Tuesday, April 26, 2011

Sold Out

Some years ago I wrote a short play inspired by the Homer Café. It was acted by professional actors in a cold read series on stage at the Anza Club

In Fat Jack's several regulars are having their coffee on one particularly dark and rainy night. Their routine and their futures are interrupted by a stranger, who changes their lives.

The first time I saw the Homer Café I knew its time was over. The last rays of rare sunlight shone on the graying plaster walls. The café had not yielded to all the crummy weather and all the bad food served over the years, where it had stood at Smithe and Homer. One day with a friend I ordered a coffee and a Denver sandwich there. I savored every bite and now believe every Denver sandwich should be eaten in a doomed building.

The Homer Café is the ground floor of ultra-luxury condos built by The Beasley.
The space will be the new home for those with luck and financial prudence. This is in sharp contrast to the luckless who once dined here. It was a dark corner, lit by the lights from the inside of the café , a refuge for those who came here with pocket change to enjoy the cheapest coffee in town and a place to stay warm. It was a place for people to restore some dignity in a city that had moved on without them.

The café was short on charm even on its best days and nights. Today, the remains of the Homer Café are shielded by construction scaffolding. There are large billboards claiming the suites are “Sold Out”.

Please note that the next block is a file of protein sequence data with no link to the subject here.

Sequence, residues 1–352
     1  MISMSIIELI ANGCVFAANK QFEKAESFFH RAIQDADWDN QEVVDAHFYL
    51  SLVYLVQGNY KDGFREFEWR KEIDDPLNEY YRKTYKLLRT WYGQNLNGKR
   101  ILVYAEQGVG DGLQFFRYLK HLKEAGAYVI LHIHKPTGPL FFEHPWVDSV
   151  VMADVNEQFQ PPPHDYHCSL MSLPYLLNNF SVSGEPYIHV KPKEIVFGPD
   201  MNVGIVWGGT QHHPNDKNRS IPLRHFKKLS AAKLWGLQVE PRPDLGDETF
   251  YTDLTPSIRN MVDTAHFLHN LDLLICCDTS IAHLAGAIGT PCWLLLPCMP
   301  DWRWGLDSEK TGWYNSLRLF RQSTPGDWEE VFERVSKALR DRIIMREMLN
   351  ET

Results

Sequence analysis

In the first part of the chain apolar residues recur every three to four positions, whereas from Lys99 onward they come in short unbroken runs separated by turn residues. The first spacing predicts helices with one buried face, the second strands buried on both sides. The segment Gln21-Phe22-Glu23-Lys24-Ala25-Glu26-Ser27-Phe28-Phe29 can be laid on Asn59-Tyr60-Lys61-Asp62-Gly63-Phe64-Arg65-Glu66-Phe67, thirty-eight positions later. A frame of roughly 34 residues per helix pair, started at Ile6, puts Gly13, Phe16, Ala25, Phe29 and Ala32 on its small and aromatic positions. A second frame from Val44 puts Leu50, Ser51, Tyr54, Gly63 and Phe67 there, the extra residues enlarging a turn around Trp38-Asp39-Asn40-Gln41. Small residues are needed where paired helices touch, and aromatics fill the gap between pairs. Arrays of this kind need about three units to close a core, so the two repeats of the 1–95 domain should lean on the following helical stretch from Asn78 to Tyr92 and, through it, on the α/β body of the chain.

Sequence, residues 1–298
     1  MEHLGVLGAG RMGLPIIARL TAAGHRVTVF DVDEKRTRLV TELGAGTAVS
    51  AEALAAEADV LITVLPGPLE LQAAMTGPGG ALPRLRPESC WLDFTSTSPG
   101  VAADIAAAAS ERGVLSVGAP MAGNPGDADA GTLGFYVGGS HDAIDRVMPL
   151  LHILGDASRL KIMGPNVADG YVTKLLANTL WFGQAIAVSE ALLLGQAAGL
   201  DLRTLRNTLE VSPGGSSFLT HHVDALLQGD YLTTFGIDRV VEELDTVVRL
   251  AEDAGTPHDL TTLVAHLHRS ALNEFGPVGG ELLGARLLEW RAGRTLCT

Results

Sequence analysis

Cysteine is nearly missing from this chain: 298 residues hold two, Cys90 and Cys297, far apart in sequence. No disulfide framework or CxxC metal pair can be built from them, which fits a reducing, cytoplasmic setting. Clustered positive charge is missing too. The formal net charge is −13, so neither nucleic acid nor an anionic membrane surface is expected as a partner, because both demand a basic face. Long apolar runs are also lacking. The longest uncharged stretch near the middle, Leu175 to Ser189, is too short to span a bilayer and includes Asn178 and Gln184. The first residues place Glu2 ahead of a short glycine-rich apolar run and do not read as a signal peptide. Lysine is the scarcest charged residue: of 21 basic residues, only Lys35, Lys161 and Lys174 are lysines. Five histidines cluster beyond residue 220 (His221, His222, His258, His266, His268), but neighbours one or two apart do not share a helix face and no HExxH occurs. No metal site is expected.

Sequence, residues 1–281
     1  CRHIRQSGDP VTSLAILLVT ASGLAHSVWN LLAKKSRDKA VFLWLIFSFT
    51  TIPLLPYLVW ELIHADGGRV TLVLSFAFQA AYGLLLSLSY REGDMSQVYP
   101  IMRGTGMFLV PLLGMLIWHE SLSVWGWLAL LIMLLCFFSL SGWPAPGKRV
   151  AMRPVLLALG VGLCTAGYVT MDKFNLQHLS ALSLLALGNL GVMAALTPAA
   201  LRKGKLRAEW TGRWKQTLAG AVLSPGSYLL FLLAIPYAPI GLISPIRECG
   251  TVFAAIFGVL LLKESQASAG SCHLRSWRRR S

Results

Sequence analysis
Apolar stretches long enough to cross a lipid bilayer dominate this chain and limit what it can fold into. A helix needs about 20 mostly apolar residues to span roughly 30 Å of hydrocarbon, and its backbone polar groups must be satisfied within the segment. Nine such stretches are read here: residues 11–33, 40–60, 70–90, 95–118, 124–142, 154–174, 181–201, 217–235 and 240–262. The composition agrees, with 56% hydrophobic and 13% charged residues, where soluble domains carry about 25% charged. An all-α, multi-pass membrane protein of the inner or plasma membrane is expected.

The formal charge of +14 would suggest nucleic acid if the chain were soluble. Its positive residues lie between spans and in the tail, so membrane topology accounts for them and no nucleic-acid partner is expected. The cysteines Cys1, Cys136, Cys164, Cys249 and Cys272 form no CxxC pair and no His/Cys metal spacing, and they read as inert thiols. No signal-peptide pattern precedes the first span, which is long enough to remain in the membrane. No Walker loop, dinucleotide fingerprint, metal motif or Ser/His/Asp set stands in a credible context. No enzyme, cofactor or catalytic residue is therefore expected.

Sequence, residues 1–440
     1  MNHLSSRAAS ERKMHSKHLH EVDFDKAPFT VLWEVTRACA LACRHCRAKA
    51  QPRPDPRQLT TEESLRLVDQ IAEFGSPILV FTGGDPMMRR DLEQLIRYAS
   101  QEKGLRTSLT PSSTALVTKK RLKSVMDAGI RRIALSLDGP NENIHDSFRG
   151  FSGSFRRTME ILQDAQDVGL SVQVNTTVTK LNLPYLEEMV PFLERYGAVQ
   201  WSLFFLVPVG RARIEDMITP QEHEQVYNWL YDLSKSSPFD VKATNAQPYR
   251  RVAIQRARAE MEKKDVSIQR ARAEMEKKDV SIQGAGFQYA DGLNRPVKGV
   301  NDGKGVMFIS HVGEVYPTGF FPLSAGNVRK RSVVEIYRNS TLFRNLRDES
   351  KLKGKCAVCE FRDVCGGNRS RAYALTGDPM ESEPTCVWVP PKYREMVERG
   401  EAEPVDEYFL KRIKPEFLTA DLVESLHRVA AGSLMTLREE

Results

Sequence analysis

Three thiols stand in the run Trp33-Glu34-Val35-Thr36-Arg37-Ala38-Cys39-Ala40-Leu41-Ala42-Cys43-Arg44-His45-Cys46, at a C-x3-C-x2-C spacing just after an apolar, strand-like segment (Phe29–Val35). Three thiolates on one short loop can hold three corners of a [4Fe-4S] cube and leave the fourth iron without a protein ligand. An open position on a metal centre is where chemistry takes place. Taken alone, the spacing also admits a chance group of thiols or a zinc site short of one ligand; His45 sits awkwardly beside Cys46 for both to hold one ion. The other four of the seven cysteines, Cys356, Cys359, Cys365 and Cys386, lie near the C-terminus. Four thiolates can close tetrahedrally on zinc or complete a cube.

A different class of citizen dwells here. Instead of more light at the end of the day we only see more shadows.

Sunday, April 24, 2011

What Silence Is: A poem

This is a poem I wrote about what silence is.  This was my way of contributing to poetry as art in a tribute to John Cage, called Silent Series, story number fifty-six. 

Silence is simply the beat between the words. Drum roll. beat, cymbals.

Squeak! Squeak! Squeak!

I have written other poetry, often in small reading circles. Bur one night I decided to read this poem in a small café on Commercialized Drive, where it was cool to be hip and hot enough that evening to melt plastic. I opened a window to let the air out.

A poetry lady asked me if I was a poet. I said I’d be in the wrong place if I wasn’t. Anyway, her calling me a poet sounded too much like a job.

This night, the poets mostly read about people who lived under bridges. I doubted if any of them ever had themselves and I suspect they drove there in nice cars.

In the middle of the reading some anti-war people came into the restaurant and took over the room. They said there was a scheduling problem. There was some friction: Poets versus anti-war types.  After a lot of talk, both sides pulled back from the brink. The poets would lend the microphone and amplifier to the anti-war guys. The anti-war people said: “Okay, we’ll let you read for another half-hour, but you have to read anti-war poetry.”  The poetry lady agreed to donate some money to the anti-war cause, while the anti-war people agreed to be quiet during the reading. The poets even bought the anti-war people beer and bought some anti-war t-shirts for sale. The anti-war people shared the food they brought to the rally. The moment was calm, but robbed of its irony.

I was up to read next. The poetry lady asked me: “Do you have any anti-war poems? I said: “Yes, all my poems are anti-war.”

I sat down at the microphone and read the Cage poem. The anti-war people in the audience were not amused.  I explained. “It’s war between the sexes,” I said vacating the stage.

I had overstayed my welcome.  I walked to the bus stop under a full moon. A young man in torn jeans limped on one crutch across the street, shouting at someone who owed him money. I missed my bus and began walking, enjoying the moonlight, happy to be the silence.